Has the emergence of more tech-savvy enterprise customers exposed a gap in the ability of cloud providers to engage and service the needs of the masses? Richard Morrell asks if this failure could lock them out of dynamic elastic cloud opportunity

I don’t want to start this column with the use of the term Cloud 2.0 as it would irritate me almost as much as the term Web 2.0 did when analysts and writers used it to badly bundle evolution into a terminology they found comfortable. However, you can argue, with gravitas, that many of the cloud providers that have stood up public cloud environments now offer catalogues of service items and platform choices that do not provide what customers actually want – or think they need.

In the 1989 Kevin Costner film “Field of Dreams” a Dubuque County, Iowa farmer builds a baseball field in the middle of his corn crop which attracts legendary but long dead baseball players to play with the premise: “If you build it, they will come”. I’ve used this analogy numerous times talking in front of audiences of cloud providers and managed hosting companies whose analysis of the market led them to build out platforms and provision environments to attract customers whose main issue has been either they were unable to contractually engage, or they wanted to use a lot of the public cloud fabric for purely testing workloads or entirely non-sensitive, non-touch workloads.

This has demonstrated a lack of perceived value – a disconnect – between what customers understand their needs are and what the marketplace is offering. One of the issues has been the rush to provision platforms and to define service catalogues. Some of the proprietary players need to hold their hands up and take a large percentage of the “blame” (if you want to use the word) for pushing “a cloud in a box”, a structured old school managed environment. The cost of this HAS to be pushed to the customer in a billable form for adoption of supposed elastic environments.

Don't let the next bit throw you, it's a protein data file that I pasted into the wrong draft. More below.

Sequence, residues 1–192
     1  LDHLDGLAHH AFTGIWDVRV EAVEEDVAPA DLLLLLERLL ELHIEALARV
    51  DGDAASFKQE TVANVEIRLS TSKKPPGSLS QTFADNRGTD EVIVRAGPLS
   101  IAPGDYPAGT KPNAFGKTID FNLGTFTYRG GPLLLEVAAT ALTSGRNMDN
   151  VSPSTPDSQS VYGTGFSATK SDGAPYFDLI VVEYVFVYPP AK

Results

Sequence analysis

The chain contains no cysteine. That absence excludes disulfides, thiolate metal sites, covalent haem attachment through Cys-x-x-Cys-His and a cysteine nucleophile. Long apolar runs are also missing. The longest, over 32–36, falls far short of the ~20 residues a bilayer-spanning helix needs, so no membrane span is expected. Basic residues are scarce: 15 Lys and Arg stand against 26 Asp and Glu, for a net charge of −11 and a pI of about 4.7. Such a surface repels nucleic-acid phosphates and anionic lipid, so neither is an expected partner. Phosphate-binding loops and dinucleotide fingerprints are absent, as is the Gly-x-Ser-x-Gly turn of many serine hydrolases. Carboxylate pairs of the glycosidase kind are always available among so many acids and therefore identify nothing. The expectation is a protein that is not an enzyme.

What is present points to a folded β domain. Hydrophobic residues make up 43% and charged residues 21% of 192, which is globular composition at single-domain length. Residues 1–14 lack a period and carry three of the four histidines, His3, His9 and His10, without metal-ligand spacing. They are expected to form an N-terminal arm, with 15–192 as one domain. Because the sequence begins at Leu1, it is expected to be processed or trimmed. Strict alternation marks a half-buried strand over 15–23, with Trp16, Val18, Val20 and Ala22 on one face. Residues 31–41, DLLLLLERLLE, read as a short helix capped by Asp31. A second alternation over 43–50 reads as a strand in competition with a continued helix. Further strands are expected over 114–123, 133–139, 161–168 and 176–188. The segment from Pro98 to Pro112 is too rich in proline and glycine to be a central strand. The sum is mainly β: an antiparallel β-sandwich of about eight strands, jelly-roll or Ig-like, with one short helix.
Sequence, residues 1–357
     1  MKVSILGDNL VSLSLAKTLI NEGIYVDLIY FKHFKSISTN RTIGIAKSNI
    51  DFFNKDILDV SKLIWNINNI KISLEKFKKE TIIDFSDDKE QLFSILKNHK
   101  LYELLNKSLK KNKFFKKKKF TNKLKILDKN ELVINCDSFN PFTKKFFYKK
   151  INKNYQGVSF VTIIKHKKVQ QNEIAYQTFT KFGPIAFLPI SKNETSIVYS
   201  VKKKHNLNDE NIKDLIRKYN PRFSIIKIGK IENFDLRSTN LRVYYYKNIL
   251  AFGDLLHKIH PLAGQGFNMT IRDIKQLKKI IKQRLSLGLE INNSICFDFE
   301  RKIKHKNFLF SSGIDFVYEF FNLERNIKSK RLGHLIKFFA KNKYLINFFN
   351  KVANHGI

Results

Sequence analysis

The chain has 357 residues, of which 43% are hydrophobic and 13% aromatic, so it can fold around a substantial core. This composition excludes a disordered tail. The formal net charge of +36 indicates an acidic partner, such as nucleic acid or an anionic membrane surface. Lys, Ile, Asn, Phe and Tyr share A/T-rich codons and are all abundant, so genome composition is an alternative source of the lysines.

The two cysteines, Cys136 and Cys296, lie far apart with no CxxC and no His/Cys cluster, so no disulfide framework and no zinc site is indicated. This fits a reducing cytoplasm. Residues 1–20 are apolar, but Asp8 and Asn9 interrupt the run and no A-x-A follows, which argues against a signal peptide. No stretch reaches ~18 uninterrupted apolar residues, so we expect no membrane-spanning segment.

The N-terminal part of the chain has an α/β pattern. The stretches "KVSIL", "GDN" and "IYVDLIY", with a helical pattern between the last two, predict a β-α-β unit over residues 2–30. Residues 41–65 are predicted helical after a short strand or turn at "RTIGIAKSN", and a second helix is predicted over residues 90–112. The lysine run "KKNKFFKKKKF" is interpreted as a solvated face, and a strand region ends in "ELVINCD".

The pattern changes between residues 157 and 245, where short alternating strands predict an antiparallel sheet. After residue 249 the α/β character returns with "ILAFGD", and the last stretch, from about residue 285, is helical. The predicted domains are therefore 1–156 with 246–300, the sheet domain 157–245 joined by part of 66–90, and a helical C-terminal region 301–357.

It’s vitally important to stress that in this definition of public cloud I am not including Amazon or its hosted environments and platforms. Amazon have redefined the gold standard and also been evolutionary (and you could argue revolutionary) in the manner in which they have shown how you can react and build a customer relationship, making it comprehensively simple for an organisation to extend to the cloud.

The term cloudbursting, which was used so hugely by every tech journalist earning his stripes over the last decade, is dead and buried; the need now is for the cloud provider who can understand and engage at the governance level, at the service delivery tier and become a seamless integrated part of enterprise IT and they are still to emerge. The Cloud Security Alliance with their STAR certification programme are part of that definition, in fact, because of the manner in how STAR works with its published audit approach it’s the most open, transparent and comprehensive scheme that we’ve seen so far in Cloud; for those looking to engage or consume services it’s a gamechanger.

The ability for providers, and vendors of products, to be publicly audited dissolves a lot of the mystery for enterprise organisations looking to engage. Vendors such as Microsoft and Red Hat have listened to customers and engaged, providing managed hosting companies to manage their destinies and to try and build a level of customer attraction aligned with powerful reasons for customer retention that the larger public cloud providers have been unable to match. For good reason.

In the final washup customers vote with their wallets. Tech savvy enterprise customers with intelligent DevOps and ITOps staff know the problems they need to solve and are starting to realise how they want their cloud experiences to evolve. That should serve as a worrying wake up call to the providers who have already spent all their money getting locked into a proprietary Cloud 1.0 world. We talk about lock-in as being a concern for customers. What nobody has dared mention to the bigger players in hosting is lock-out. Have the incumbent players locked themselves out of the dynamic elastic nature of cloud by the purchasing decisions they’ve already signed off and the lack of diligence they made when assuming what customers would want and need from Cloud?

As much as it pains me to use the term, Cloud 2.0 is here and a lot of the money has already been spent on pinning the tail on the wrong donkey.


The views expressed on this blog are Richard’s personal views and do not reflect or represent the views of his employer, Red Hat.